Equally, the prospect of Liverpool winning the title has a depressing inevitability about it. Let’s be honest, we’ve done well as Blues to go for so long without them claiming the top prize. Stubbornly, Liverpool have hung around the elite since their 1980s heyday, endlessly mining the club’s heritage and past glories to tap into successive generations of armchair fans. Somehow, even without glory, they remain the glory-hunters club of choice. And it is that legion of armchair fans that have sustained them during the lean years, ensuring the club has always remained in the running. And when you hang around the top that long, inevitably at some point you’re going to get lucky.
And so, you’re left with Everton. F**king Everton.
At the time of writing Marco Silva remains in his job. How? I have no idea. Take away a few weeks of good form towards the end of last season, and Silva’s record is abysmal. As a manager he has never convinced, always looking like a man out of his depth.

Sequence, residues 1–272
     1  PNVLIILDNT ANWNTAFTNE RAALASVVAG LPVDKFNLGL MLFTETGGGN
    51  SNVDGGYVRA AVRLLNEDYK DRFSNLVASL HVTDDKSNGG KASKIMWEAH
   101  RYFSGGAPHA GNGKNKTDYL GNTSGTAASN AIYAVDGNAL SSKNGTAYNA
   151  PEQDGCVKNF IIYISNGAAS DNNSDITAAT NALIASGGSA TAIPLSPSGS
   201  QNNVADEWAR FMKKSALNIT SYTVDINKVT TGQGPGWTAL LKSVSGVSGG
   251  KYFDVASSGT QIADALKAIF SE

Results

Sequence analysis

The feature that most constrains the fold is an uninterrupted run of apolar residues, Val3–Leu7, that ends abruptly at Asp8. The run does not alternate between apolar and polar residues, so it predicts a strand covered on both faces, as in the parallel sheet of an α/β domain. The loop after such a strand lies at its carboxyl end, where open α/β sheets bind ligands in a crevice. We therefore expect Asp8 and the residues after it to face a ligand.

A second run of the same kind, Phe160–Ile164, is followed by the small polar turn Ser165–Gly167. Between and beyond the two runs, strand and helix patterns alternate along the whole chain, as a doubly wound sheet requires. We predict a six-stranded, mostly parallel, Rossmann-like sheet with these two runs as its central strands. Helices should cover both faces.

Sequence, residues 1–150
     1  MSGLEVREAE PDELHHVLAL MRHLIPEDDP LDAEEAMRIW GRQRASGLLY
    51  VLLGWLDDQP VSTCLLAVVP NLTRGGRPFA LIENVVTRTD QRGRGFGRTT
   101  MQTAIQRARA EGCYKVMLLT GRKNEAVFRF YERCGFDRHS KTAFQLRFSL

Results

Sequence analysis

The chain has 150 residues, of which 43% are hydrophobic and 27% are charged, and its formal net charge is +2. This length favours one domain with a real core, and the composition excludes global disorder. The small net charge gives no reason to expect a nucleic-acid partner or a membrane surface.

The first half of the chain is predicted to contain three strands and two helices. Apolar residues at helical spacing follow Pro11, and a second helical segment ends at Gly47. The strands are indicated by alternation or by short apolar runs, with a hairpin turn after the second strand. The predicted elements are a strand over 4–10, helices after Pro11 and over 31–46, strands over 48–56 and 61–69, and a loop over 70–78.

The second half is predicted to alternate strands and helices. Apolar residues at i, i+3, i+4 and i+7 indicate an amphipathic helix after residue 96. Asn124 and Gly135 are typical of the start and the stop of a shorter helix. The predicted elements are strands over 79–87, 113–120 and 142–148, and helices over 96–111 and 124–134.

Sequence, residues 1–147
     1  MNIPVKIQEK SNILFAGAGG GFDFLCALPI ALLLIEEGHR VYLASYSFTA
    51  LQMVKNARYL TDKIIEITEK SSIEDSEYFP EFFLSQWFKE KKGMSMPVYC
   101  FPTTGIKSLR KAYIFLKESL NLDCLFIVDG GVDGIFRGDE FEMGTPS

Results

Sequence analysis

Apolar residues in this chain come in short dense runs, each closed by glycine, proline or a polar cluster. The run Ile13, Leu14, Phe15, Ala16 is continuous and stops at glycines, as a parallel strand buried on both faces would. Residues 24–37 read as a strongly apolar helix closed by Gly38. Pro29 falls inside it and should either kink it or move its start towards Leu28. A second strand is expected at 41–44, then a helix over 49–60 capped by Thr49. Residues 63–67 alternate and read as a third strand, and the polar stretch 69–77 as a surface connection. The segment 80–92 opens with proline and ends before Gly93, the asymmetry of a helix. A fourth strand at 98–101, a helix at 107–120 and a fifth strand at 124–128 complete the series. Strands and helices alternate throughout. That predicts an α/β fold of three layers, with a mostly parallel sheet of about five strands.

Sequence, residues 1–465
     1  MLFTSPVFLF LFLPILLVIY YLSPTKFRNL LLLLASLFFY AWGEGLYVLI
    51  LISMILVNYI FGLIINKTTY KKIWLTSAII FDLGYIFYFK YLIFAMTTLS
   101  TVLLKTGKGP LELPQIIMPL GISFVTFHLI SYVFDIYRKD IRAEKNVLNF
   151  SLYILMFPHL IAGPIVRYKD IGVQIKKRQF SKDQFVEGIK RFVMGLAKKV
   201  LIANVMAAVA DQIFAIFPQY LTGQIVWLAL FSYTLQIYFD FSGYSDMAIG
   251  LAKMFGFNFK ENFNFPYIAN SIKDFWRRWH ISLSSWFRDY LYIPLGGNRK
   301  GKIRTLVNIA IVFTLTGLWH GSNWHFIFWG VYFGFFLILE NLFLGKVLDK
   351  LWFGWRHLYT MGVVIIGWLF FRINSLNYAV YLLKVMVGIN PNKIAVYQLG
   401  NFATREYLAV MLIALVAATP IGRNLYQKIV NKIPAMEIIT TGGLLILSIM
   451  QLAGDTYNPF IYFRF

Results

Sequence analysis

Inevitably, you search for reasons why this has happened, why a man so ill-equipped has landed the role. And in that search, the reason becomes obvious: it’s what Everton do.
Silva’s unsuitability for the position of Everton manager is not an isolated example of poor decision making by the club’s hierarchy. There is a long and disappointing track record in this area at the club that stretches back decades.
Since the early 1970s, Everton have made fourteen permanent managerial appointments and the overwhelming majority have been poor. The litany of mistakes is damning. In the 1970s, the club passed on the like of Brian Clough and Bobby Robson and opted instead for such managerial luminaries as Billy Bingham and Gordon Lee.
In the 1980s, when the club was at the height of its powers and looking around for someone to replace Howard Kendall, a position in football that anyone would’ve wanted, it opted for Colin Harvey, Irrespective of his credentials as an Evertonian, this was still a man with zero managerial experience, a deficiency that would prove telling as he tried to rebuild in Kendall’s wake.